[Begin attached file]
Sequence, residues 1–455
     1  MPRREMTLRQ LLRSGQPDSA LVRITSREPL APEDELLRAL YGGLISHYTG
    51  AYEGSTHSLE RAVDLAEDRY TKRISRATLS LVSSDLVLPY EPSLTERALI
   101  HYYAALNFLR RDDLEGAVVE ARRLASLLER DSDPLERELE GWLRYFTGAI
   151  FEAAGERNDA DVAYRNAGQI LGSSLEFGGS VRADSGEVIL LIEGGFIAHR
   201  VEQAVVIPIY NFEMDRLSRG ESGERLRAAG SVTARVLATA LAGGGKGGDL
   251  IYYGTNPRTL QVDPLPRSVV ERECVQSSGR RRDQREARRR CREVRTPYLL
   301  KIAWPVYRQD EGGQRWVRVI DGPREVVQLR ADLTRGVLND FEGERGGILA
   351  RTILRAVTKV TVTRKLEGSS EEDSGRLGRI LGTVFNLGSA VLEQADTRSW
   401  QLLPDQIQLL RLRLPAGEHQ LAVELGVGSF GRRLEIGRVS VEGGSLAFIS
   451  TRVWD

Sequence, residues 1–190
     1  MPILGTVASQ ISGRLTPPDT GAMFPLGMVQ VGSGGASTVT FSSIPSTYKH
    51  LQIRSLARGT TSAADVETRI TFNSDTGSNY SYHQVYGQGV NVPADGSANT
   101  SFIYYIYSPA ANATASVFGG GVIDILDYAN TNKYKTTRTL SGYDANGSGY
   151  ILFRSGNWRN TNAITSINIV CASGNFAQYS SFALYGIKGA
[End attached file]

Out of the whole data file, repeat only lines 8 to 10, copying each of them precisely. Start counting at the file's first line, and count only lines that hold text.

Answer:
   301  KIAWPVYRQD EGGQRWVRVI DGPREVVQLR ADLTRGVLND FEGERGGILA
   351  RTILRAVTKV TVTRKLEGSS EEDSGRLGRI LGTVFNLGSA VLEQADTRSW
   401  QLLPDQIQLL RLRLPAGEHQ LAVELGVGSF GRRLEIGRVS VEGGSLAFIS